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Einstein's Dreams | Themes



Because Einstein is so wholly preoccupied by theories of time, these theories begin to infiltrate his sleeping subconscious. Each dream world shows a different way time could work, from looping in on itself to becoming its own dimension. Although Einstein is a scientist, the Dream Figures care little for science. Rather they try to exist, love, and survive in worlds in which time's structure shapes the very nature of their lives. Lightman depicts people who grow unhappier the more they try to manipulate time, demonstrating that even if people can understand time they cannot take advantage of it. And even if time works the same way for everyone, no two individuals experience time in the same way. In the world of Einstein's Dreams time is both an organizing principle as well as a thematic backdrop that the Dream Figures must live in and face the consequences of. Lightman sets out to show not only how Einstein's theories shape our conception of time but also how time shapes the lives and decisions of individuals.

Free Will

Many of Einstein's dreams ask how much control humans can have over their lives when the passage of time is out of their control. In many of the dream worlds time dictates how much free will an individual has. For example, one dream depicts a world in which people can glimpse their futures, which takes away any sense of risk, surprise, or passion. In another dream everyone knows exactly when the world will end, which leads people to make decisions already knowing the final outcome of their fate. Yet Lightman points out free will is also a function of perception; if people perceive time has already plotted out their destinies they are less likely to attempt autonomous decisions. The way in which the author introduces the concept of free will and fate into the lives of the Dream Figures brings in a philosophical element that intersects with Einstein's scientific concepts, asking the reader to question how those elements intersect in their own lives. Science and philosophy are not disciplines that ordinarily speak the same language, and here Lightman's background as a scientist and creative writer find a thematic expression in considering the consequences of free will.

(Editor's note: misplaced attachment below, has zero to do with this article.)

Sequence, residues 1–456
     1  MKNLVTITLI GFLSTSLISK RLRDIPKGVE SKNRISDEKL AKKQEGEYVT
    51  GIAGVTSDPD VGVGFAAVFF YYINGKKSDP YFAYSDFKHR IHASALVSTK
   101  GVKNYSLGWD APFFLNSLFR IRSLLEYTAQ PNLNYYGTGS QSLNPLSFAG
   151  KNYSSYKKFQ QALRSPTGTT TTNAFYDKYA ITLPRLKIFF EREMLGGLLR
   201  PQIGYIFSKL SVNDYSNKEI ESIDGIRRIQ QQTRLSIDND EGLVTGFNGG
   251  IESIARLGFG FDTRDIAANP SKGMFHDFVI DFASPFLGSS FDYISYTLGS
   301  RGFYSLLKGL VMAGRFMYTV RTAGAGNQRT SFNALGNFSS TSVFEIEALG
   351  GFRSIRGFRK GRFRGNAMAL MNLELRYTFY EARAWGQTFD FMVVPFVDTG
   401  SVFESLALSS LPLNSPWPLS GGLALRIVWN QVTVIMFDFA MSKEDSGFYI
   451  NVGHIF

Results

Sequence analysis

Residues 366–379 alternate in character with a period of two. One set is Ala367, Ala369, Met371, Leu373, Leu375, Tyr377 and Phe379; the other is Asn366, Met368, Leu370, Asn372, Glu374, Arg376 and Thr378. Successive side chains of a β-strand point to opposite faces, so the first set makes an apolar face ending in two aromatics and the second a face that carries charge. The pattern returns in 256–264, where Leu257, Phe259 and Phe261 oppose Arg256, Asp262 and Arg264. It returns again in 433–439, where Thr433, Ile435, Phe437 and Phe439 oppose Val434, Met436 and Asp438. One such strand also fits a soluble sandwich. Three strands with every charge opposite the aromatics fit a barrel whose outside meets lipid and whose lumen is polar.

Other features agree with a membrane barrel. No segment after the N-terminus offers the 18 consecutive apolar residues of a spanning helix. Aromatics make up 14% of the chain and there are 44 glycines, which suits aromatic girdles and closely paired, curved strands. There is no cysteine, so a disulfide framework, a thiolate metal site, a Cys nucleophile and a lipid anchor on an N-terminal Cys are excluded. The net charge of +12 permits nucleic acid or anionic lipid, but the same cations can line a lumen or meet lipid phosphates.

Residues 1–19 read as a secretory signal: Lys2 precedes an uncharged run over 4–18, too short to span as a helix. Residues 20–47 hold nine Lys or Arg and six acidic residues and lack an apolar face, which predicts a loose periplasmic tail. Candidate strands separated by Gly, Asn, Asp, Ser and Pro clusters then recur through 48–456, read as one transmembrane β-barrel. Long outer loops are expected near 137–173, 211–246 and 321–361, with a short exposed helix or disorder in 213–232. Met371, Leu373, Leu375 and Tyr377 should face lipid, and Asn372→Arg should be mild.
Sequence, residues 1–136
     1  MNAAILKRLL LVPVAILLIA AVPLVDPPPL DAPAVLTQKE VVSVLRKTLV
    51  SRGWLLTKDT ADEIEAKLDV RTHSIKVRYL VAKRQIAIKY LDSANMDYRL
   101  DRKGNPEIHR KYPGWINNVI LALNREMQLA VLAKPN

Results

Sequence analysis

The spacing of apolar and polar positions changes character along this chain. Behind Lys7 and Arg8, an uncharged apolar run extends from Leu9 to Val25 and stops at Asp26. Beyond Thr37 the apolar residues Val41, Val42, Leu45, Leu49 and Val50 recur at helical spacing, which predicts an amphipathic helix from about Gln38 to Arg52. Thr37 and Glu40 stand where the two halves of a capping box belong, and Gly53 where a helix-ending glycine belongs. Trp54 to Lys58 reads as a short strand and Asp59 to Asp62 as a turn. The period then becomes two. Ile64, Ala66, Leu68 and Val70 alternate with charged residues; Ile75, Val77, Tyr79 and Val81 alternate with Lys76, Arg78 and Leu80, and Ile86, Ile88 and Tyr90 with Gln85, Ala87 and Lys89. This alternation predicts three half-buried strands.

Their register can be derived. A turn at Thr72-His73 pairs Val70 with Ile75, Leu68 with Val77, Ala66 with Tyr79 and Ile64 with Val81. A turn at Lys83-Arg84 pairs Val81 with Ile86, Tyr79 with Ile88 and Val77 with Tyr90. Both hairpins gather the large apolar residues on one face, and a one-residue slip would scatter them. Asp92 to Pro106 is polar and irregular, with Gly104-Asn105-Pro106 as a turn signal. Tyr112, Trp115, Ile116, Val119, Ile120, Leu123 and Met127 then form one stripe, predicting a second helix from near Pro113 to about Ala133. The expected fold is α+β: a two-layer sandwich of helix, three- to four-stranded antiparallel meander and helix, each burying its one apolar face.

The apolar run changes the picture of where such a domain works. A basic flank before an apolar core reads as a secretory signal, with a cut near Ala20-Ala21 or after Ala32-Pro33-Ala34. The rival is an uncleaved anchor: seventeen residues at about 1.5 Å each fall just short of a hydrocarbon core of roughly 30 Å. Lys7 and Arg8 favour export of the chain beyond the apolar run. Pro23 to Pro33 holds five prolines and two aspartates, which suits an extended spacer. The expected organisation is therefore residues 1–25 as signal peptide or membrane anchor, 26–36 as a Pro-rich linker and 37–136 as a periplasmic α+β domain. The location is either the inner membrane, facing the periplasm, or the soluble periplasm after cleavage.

Although Einstein's Dreams deals largely with how dreams may have helped Einstein develop his theory of time, each dream also delves into the unique human perception and experience of time. Einstein's Dreams is concerned with how humans perceive time and how it shapes their thoughts, emotions, and sense of free will. The unnamed Dream Figures in the novel stand in for the whole of humanity, grappling with the structure and limits of time as Einstein conceived of it. These Dream Figures serve to humanize the more abstract theories and concepts of time Einstein presents and show humans' incredibly emotional connection to time.

The novel balances human thought and emotion with science and shows the impact of time on human perception. Many of the Dream Figures feel stuck in the past or trapped by their memories, or they sense time slipping away before they can tell someone their feelings. Their collective role serves to have humanity stand in as a larger theme in the novel since Lightman chooses not to trace individuals over the course of the vignettes but to have the Dream Figures appear randomly and often en mass. The effect of this theme is to connect the reader's own humanity to the concerns and feelings of fellow humanity. The dream worlds demonstrate that no matter how differently time functions, humanity will always be concerned with fate, free will, relationships, loss, and consequences. There is something reassuring in this universality, and it ties together and humanizes the other themes of time and free will.

Questions for Themes

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